In contrast to brands like Volkswagen, Daimler and BMW that have created electric car sub-brands, Subaru is considering electric versions of its existing cars for its first EVs.
In an interview, CEO Yasuyuki Yoshinaga told Bloomberg News that the strategy would allow it to leverage the Subaru brand's reputation for safety and its current products. "If there's already an attractive Subaru model -- for example, the XV crossover (Crosstrek in the U.S.) -- and if a customer in Beijing wants one but is only allowed to buy an electric vehicle, if there's no electric version, then he can't buy it," he told Bloomberg at the automaker's headquarters in Tokyo. "Providing the choice of an EV means the customer can still desire the same Subaru."
Putting electric drive in an existing car also would mean Subaru could go solo on an EV without partnering with another automaker, such as Toyota, which owns a nearly 17 percent stake in Subaru. He said the approach would work for Subaru because the brand is defined now by safety, not its boxer gasoline Used Engine .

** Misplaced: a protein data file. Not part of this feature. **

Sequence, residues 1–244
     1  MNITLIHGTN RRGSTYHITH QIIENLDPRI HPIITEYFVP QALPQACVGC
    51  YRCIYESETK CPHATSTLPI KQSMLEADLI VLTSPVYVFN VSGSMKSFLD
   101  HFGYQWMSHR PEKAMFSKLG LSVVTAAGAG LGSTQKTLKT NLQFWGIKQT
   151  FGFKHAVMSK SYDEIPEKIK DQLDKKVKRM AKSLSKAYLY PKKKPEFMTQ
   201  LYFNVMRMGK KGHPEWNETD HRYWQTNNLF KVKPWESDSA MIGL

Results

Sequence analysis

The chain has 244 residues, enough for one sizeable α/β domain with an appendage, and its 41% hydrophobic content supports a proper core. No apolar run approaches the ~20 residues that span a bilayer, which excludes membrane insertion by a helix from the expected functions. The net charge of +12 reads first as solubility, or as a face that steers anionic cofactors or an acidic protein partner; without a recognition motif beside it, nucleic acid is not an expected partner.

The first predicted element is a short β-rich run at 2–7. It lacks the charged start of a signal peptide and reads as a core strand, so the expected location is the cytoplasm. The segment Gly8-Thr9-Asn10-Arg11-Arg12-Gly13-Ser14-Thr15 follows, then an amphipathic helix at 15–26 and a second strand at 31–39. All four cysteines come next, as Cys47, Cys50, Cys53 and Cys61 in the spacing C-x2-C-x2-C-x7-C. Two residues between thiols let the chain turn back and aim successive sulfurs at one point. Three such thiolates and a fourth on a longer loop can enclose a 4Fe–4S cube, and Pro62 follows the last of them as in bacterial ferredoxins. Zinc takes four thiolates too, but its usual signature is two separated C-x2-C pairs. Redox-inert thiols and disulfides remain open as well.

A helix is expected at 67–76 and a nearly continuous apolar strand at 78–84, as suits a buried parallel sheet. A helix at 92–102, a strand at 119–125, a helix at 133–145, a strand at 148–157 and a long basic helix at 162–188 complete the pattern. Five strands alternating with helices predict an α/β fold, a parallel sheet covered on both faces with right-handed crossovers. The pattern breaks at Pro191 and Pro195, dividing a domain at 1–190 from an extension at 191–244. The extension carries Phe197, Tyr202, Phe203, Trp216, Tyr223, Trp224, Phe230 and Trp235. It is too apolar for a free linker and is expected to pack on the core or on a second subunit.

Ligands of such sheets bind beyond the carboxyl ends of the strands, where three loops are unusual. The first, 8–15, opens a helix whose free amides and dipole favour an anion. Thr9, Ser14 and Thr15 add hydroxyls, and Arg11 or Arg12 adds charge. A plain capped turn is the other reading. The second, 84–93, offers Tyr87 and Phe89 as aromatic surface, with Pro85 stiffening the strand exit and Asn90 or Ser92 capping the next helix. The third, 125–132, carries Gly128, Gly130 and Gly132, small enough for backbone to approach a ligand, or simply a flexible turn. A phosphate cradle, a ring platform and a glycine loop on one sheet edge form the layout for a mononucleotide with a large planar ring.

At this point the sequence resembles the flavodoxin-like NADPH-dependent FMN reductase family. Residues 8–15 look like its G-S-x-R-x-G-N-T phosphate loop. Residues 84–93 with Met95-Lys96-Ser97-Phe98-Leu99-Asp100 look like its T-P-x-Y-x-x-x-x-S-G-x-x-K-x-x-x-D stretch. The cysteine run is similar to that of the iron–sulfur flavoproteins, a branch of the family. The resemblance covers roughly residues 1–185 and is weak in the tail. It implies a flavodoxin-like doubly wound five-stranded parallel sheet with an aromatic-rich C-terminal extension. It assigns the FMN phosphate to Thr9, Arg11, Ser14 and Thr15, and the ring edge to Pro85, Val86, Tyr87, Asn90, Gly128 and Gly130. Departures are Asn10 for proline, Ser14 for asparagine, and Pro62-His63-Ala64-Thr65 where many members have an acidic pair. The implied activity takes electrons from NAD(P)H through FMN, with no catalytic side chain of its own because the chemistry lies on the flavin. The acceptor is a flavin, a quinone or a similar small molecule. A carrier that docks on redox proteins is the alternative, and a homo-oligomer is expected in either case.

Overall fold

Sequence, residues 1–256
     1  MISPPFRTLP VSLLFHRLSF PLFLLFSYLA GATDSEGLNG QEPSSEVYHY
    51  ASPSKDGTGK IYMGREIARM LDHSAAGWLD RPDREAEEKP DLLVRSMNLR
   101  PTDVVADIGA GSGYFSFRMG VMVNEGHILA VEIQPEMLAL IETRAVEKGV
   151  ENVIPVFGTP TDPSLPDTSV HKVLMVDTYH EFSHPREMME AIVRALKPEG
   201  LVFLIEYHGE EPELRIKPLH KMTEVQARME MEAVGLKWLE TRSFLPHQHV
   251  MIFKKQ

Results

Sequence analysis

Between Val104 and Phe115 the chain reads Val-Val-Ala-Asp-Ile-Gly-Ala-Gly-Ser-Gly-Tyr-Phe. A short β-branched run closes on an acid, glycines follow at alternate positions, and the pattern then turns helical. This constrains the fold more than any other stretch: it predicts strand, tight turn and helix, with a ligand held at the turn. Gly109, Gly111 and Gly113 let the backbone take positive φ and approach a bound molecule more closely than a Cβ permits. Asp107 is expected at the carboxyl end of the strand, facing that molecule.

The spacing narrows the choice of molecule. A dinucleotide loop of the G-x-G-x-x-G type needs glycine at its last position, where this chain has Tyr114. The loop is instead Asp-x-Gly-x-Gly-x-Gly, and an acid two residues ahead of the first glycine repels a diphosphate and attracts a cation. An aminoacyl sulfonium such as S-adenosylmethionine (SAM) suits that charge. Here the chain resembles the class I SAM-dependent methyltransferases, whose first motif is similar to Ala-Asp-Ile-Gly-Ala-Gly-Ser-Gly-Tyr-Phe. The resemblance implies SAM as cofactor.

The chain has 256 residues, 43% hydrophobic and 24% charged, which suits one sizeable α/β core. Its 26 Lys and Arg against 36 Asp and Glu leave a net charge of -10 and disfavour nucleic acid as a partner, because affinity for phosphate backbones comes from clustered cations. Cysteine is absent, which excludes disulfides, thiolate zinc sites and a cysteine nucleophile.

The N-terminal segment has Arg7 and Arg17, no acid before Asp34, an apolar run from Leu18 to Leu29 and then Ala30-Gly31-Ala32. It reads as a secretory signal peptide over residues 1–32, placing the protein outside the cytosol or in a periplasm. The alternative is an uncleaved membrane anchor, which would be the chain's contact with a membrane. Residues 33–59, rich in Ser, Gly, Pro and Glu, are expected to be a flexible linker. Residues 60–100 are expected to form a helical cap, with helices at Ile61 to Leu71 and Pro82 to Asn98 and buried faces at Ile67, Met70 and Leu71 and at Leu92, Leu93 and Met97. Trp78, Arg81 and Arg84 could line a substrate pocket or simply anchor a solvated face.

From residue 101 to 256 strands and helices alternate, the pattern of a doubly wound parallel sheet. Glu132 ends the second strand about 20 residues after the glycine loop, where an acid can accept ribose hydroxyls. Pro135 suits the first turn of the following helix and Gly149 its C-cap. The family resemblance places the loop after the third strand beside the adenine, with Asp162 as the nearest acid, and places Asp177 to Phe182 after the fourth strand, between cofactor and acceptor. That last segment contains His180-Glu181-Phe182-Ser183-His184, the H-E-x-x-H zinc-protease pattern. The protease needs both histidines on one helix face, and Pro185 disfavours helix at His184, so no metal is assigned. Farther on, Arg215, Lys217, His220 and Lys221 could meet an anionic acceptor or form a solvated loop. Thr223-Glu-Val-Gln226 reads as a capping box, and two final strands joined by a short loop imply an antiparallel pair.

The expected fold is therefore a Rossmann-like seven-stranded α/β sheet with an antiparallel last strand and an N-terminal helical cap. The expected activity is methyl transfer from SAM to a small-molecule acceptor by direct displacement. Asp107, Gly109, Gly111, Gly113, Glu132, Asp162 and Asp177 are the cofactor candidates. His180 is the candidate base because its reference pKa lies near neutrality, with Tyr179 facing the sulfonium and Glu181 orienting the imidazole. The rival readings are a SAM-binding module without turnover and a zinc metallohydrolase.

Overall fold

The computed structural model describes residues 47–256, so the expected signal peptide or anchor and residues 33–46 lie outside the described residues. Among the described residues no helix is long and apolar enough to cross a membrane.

The plan would stretch the research and development budget that already will be a record $1.2 billion in the current fiscal year ending next March. While that is a lot of R&D spending for the small automaker, it's dwarfed by the budgets of the major global automakers.
As all automakers strive for more electrified powertrains to meet tightening emissions standards worldwide, Subaru is aiming to have a plug-in hybrid on sale in 2018 and a full EV by 2021, the CEO told the news service. It is giving that effort priority over connectivity and autonomy development.
Separately, he said the next priority for research and development is Subaru's EyeSight camera-based safety and driver assistance system, and that he will try to hold down costs so the brand can offer the technology on all models.